Monday, November 27, 2006
On the last day of August the Missouri Department of Elementary and Secondary Education announced that students at Jefferson and Blanchard elementary schools would be eligible to transfer to other schools in the Cape Girardeau School District because the two schools did not make adequate yearly progress under the federal No Child Left Behind Act.
The announcement chagrined teachers and administrators at the schools, who felt the quality of their work was being questioned, and sent some students at the schools and their parents into a tizzy wondering whether they could indeed receive a better education elsewhere.
The school district eventually announced that only seven students would be allowed to transfer because classroom space wasn't available for five other students who requested transfers.
Now it turns out that no students will be transferred because after state officials fiddled with a formula, the schools made sufficient academic progress even though their proficiency target wasn't met.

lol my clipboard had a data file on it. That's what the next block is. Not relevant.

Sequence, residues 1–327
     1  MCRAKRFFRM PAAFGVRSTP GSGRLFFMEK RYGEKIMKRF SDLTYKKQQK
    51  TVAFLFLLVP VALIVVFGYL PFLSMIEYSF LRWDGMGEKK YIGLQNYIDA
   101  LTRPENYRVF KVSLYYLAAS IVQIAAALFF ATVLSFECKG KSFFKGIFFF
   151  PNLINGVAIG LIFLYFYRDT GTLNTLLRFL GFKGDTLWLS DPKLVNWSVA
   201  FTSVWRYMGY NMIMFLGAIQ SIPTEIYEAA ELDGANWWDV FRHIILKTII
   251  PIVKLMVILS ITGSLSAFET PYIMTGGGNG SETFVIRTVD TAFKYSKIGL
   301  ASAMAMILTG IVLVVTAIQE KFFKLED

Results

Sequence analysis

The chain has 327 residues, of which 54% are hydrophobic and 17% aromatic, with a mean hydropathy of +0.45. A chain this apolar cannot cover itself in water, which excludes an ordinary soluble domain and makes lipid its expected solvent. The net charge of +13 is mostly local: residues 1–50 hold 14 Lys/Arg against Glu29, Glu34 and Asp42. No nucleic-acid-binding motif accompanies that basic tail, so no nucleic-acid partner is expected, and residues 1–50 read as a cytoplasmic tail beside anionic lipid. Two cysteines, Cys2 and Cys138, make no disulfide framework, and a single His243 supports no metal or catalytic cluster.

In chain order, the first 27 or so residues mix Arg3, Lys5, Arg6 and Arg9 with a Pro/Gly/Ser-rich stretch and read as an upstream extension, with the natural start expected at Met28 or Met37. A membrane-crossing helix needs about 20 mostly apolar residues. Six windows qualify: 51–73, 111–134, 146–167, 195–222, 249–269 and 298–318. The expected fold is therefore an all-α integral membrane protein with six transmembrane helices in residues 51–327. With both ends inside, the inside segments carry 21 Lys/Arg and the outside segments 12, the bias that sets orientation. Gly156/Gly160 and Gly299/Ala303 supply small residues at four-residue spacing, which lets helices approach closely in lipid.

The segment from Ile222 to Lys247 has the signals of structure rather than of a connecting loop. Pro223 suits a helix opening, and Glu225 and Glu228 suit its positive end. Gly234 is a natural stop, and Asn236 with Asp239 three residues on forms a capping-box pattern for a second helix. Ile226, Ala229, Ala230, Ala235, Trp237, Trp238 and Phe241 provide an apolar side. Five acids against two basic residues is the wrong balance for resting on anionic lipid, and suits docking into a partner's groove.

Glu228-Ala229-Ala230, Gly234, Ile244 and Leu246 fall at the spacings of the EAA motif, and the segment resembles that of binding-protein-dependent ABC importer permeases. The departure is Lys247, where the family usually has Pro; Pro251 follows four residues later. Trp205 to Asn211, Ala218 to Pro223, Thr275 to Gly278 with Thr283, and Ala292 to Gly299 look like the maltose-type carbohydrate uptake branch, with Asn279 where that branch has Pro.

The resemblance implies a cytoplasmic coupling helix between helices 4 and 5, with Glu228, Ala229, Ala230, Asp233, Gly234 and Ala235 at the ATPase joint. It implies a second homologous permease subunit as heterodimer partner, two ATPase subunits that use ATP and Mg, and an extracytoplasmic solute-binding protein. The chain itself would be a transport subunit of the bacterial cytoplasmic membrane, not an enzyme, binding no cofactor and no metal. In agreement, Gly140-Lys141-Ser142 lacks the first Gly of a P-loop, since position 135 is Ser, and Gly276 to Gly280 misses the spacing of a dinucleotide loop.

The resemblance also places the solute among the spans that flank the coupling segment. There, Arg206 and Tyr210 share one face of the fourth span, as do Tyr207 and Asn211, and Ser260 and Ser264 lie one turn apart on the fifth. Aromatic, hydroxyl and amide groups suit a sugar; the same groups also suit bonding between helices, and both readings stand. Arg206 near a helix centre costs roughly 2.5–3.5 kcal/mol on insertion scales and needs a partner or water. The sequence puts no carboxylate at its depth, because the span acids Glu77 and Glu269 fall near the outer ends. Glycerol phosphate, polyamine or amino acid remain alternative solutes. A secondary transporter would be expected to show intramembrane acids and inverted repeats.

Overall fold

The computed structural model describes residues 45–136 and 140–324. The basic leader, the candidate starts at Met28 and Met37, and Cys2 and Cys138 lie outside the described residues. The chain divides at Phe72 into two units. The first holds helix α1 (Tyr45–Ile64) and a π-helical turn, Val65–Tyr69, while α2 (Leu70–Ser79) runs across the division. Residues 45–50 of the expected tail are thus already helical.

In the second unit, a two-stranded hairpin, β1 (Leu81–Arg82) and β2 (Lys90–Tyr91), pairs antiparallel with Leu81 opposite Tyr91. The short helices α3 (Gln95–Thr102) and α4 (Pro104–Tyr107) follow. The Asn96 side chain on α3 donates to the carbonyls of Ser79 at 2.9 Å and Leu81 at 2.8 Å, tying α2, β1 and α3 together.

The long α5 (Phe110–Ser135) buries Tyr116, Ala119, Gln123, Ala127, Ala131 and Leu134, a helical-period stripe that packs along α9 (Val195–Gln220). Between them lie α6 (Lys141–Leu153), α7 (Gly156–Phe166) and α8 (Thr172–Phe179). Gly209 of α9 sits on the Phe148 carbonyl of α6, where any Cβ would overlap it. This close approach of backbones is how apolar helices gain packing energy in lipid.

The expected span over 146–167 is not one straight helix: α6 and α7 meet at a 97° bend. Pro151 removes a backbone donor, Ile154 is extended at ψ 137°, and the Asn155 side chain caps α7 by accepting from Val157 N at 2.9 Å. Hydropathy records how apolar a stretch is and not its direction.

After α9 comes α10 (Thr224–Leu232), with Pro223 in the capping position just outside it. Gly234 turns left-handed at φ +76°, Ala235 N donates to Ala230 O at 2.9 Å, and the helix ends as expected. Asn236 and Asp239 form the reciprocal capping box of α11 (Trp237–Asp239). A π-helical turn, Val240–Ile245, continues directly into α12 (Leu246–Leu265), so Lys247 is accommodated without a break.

The calculations for every school district in the state were rerun after DESE asked federal officials to invoke the act's "safe harbor" provision that rewards schools for improving their Missouri Assessment Program scores even though the scores don't match the schools' proficiency target. Under the new calculations, Jefferson and Blanchard were given a reprieve.
All of this raises questions about the school district's handling of the issue and the NCLB act itself. Why all the folderol if the initial calculations could be wrong? What kind of system set up to give students the opportunity to transfer from bad schools allows the school district to determine which students and how many can transfer?
Worst of all is a system, NCLB, that fails in its mission of rooting out bad schools. Jefferson and Blanchard are as good as any schools in the district.
It's unfortunate that the students, their families and the district's educators have been subjected to this needless exercise in futility.